"No." There was calm certainty in Makalaurë's voice. "I do not believe it, say what you will. And it has naught to do with kindness or compassion. Yes, you have lost your hand. Yes, many of the scars you bear will not fade. But broken? No, brother. That you are not. I know it."

"Whence this knowledge?" my eldest uncle asked wryly.

Makalaurë was silent for a while.

"When… When you awoke for the first time," he at length slowly replied, "… you spoke. Not to us; you did not recognize any of us then. You thought you were still… there, and you spoke to the Enemy and his servants. The words you said… Words like that do not come from one who is broken, brother."

"Words…" Nelyafinwë's voice was quiet and distant. "Yes, words threw them in rage. But silence – even more so. I swiftly learned that silence unleashed their cruelty far more than defiant words. If I was silent… That was a path of escape. There is only so much pain one can endure ere passing into forgetfulness." He fell silent for a while, then sighed. "I had resolved I will not speak of this. You need not know any of this."

"So you would shelter us from knowledge of the horror you have endured, Russandol?" Makalaurë asked sadly. "You would protect us, like you have always done? But, see, brother, we are not worthy of such care from you. We failed you. I failed you. I refused to treat with Moringotto for your life and freedom. I betrayed you."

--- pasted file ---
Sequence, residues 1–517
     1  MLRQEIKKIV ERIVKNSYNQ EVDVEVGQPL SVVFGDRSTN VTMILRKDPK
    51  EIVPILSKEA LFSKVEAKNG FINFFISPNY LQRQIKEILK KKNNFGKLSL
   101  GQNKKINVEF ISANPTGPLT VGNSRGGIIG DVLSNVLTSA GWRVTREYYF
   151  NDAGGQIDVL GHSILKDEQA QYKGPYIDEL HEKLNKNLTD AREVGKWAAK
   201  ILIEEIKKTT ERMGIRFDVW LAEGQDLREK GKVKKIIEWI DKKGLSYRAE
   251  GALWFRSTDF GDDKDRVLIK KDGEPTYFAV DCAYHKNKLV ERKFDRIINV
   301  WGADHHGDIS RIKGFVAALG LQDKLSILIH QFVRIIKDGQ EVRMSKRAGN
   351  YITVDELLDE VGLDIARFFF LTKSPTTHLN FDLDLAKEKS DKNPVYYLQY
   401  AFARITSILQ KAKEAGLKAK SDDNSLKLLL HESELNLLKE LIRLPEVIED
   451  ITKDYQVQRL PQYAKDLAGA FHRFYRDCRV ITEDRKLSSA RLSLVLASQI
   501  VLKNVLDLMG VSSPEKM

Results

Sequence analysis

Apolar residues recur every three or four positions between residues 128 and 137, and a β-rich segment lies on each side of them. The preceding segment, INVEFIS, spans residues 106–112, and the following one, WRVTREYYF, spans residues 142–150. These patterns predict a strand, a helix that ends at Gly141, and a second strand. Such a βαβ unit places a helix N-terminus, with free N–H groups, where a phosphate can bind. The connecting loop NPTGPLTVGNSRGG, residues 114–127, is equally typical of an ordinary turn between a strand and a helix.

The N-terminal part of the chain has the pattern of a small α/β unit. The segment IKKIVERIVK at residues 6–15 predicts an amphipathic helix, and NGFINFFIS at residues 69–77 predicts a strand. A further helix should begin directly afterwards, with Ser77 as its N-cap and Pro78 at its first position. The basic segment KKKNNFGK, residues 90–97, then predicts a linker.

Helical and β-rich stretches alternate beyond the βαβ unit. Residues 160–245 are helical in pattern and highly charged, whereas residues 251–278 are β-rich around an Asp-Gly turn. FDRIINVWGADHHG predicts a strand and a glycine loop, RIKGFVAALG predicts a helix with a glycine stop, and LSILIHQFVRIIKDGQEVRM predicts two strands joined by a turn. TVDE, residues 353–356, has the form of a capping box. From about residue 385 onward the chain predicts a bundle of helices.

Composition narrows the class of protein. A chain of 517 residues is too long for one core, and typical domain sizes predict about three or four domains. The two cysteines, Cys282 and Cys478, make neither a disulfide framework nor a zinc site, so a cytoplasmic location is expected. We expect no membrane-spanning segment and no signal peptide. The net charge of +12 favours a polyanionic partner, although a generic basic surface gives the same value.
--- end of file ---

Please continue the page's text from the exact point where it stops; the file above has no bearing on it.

"I know. They did not hesitate to tell me that my brothers and my people had forsaken me. But know this, Makalaurë," Nelyafinwë's tone grew fierce, "I have never in my life been more relieved than when I learned that you had refused any terms that Moringotto would name! I laughed in their face. I did not laugh very long though; they took care of that," he then softly added, and I trembled at the vision of anguish his words implied.

"Do not blame yourselves for failing to save me." He went on after a while. "That fortress, brother… No place of strength equals Angamando, none that I know of. The power of all our people is not enough to assail it."

"Did you see them?" Makalaurë asked uncertainly, hesitantly. "Did you see our father's jewels?"

"Yes. I did see them," after a heavy silence Nelyafinwë quietly replied. "Moringotto, he has forged himself an iron crown and set the Silmarils therein. He calls himself the king of all Arda! After corrupting Valinórë, he has laid his hand over Endórë as well!"

Anger and hatred quivered in his voice now, and as he fell silent, I heard the sound of footsteps and pictured my uncle pacing restlessly back and forth in the tent. Suddenly the footsteps fell silent.

"His hand is scorched by the fire of the hallowed jewels, and his heart is as black as his hand." His words were slow and forced now. "When he realized that no torment will compel me to forsake our claim… There were others, Makalaurë. Other Elves, the Sindar. Moringotto… He made me watch how his Orcs killed them. Not merely killed. Tortured and…" His voice broke, and when he spoke again, it was in a strangled whisper. "There were women, Makalaurë. And… children. The Orcs… They… Our people do not survive when... Maybe, if I had consented… I cannot stop thinking that maybe, if I had consented to lay aside our claim, to leave Endórë… Maybe then… But I could not. I could not, Makalaurë! The Oath… it binds me! I could not…"